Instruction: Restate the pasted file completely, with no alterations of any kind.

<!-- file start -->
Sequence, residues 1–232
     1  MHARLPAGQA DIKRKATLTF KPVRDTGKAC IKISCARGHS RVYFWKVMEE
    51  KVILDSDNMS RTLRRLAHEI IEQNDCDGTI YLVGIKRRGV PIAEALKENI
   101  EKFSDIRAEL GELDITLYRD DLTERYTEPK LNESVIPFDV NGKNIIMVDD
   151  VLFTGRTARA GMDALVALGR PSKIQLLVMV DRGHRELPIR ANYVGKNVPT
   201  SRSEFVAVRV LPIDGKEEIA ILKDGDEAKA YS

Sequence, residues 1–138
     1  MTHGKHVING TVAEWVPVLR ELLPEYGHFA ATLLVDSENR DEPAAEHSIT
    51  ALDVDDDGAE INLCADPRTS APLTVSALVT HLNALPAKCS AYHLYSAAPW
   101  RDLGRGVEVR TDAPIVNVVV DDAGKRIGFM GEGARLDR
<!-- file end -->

Sequence, residues 1–232
     1  MHARLPAGQA DIKRKATLTF KPVRDTGKAC IKISCARGHS RVYFWKVMEE
    51  KVILDSDNMS RTLRRLAHEI IEQNDCDGTI YLVGIKRRGV PIAEALKENI
   101  EKFSDIRAEL GELDITLYRD DLTERYTEPK LNESVIPFDV NGKNIIMVDD
   151  VLFTGRTARA GMDALVALGR PSKIQLLVMV DRGHRELPIR ANYVGKNVPT
   201  SRSEFVAVRV LPIDGKEEIA ILKDGDEAKA YS

Sequence, residues 1–138
     1  MTHGKHVING TVAEWVPVLR ELLPEYGHFA ATLLVDSENR DEPAAEHSIT
    51  ALDVDDDGAE INLCADPRTS APLTVSALVT HLNALPAKCS AYHLYSAAPW
   101  RDLGRGVEVR TDAPIVNVVV DDAGKRIGFM GEGARLDR